The campaign was launched when a host of A-list celebrities accused the Hollywood executive of rape, sexual assault and harassment.
But she said that the movement has ‘not got anywhere at all’ and added that we need to urgently ‘sort out our concept of what rape is’ and amend the law.
It was the ultimate booby prize.
The Leonardo DiCaprio Foundation auctioned off intimate moments with two of Hollywood’s biggest players who may go down as its biggest predators.
Twice in the last three years, the foundation’s annual fund-raising auction in the south of France let guests bid to spend an entire year palling around with Harvey Weinstein. And in 2016, it creepily offered to have Kevin Spacey conduct a private theater performance in their homes.
“…Whatever one feels about Schneider or Redgrave, they came to pick a fight – which takes a certain amount of courage. Sunday’s bloodless affirmations of solidarity with “dreamers” required not a scintilla of courage: They were simply the necessary cue to bathe in the warm glow of collective moral narcissism, which is as cloying and nauseating a perfume as there is. Miss Redgrave consciously chose to be unpopular. By contrast, Sunday’s crowd said all the right things, all the de rigueur things, and yet were strangely unlikeable, and charmless.”
A staggering 94 percent of hundreds of women in the entertainment industry say that they have experienced “some form of sexual harassment or assault during their careers in Hollywood,” according to a new survey.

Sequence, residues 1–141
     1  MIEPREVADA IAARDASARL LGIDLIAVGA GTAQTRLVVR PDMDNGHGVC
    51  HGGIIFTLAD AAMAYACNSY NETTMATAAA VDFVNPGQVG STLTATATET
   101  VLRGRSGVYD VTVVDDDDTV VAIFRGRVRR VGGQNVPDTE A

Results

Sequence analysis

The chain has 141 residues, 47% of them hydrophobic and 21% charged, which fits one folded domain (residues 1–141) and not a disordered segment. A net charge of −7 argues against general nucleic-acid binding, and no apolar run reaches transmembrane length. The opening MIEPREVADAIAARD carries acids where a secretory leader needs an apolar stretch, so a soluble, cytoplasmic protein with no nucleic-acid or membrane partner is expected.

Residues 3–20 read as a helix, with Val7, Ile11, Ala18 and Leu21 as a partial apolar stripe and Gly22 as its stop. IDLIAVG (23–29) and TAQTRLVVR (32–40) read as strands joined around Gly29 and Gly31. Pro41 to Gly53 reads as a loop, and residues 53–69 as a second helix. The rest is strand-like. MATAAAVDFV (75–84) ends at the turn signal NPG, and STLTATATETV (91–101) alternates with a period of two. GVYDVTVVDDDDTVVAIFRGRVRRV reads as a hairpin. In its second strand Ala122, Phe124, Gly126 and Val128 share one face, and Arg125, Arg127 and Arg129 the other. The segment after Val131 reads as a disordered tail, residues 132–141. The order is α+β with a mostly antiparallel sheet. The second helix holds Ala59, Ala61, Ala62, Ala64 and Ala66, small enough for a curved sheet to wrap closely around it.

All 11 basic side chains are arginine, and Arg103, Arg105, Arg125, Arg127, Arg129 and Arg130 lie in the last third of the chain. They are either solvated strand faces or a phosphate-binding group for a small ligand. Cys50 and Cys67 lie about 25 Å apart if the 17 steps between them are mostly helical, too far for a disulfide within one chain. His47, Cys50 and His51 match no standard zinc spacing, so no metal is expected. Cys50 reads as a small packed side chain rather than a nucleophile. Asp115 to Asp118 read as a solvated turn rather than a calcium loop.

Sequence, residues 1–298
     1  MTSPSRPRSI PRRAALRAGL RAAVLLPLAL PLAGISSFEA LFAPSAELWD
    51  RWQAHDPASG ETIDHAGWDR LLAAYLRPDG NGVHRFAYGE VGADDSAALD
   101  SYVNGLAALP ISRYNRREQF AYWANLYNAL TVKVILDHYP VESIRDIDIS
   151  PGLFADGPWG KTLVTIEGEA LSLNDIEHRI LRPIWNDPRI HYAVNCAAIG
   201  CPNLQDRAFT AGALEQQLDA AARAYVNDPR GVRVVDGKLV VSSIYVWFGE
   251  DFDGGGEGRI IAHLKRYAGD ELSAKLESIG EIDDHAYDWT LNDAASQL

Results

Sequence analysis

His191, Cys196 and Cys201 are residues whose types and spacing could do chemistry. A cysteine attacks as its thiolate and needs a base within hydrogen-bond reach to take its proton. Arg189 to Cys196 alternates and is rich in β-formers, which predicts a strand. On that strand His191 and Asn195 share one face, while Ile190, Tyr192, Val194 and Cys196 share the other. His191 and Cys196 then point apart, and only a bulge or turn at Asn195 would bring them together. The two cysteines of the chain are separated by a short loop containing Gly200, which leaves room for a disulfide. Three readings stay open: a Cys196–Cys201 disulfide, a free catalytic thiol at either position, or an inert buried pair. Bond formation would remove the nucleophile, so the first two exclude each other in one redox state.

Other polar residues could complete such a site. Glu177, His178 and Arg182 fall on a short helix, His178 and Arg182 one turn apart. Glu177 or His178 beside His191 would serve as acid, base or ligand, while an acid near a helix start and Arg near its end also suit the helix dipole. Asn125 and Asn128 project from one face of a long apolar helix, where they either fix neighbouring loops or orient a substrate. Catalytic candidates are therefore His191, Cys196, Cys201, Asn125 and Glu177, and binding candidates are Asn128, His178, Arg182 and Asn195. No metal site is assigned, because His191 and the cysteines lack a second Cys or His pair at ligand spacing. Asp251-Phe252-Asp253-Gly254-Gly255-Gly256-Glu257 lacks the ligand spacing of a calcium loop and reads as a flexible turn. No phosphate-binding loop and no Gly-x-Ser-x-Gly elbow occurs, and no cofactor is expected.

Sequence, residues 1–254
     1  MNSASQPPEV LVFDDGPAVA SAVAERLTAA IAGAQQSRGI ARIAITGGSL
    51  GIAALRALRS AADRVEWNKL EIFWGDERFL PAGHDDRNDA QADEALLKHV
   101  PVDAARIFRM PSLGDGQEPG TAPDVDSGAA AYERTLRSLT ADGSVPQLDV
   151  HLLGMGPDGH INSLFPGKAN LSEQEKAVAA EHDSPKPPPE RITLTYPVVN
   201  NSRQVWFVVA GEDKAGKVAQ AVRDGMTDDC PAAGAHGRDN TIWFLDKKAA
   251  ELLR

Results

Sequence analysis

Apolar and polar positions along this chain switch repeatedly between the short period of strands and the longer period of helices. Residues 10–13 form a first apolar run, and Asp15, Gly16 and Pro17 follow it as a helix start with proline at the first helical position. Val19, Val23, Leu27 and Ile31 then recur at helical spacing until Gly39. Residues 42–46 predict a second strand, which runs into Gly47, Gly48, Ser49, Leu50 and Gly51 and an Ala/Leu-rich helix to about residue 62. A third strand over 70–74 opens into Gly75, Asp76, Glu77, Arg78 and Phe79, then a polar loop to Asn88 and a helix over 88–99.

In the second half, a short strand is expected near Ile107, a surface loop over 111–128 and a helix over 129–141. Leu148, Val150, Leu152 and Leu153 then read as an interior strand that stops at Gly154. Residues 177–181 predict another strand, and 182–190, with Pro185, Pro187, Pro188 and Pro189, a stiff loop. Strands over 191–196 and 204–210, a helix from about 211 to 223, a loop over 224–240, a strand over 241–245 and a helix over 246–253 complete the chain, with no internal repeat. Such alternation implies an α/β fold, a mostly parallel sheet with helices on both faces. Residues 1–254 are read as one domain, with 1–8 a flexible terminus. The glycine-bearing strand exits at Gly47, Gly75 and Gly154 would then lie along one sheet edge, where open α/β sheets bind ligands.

USA Today worked with The Creative Coalition, Women in Film and Television and the National Sexual Violence Resource Center to survey 843 women who work in the entertainment industry about their experiences with sexual misconduct.
NEW YORK (Reuters) – New York’s attorney general sued the Weinstein Company and Harvey Weinstein on Sunday alleging years of sexual harassment and misconduct by the movie producer, in a move that could jeopardize talks on a potential sale of the studio.
Weinstein, co-founder of the Miramax studio, was one of Hollywood’s most influential men before more than 70 women accused him of sexual misconduct, including rape. He denies having non-consensual sex with anyone, and his lawyer said many of the latest allegations would turn out to be unmerited.
The civil suit alleges that the company’s executives and board repeatedly failed to protect employees from Weinstein, Attorney General Eric Schneiderman said in a statement. The suit also names Weinstein’s brother Bob, who co-founded the company.
Amid the growing fallout from the #MeToo movement in Ottawa, Canada’s defence minister is defending the Trudeau government’s record on preventing sexual assault and harassment in the armed forces.
California Assemblywoman Cristina Garcia – a #MeToo advocate – took a voluntary unpaid leave of absence Friday, a day after sexual misconduct allegations against her became public.
The coming mania for inclusion will erode standards of merit and excellence.
If the #MeToo movement only reduces sexual predation in the workplace, it will have been a force for good. Its most likely result, however, will be to unleash a torrent of new gender and race quotas throughout the economy and culture, on the theory that disparities in representation and employment are due to harassment and bias.
Hollywood and the media are already showing the effect.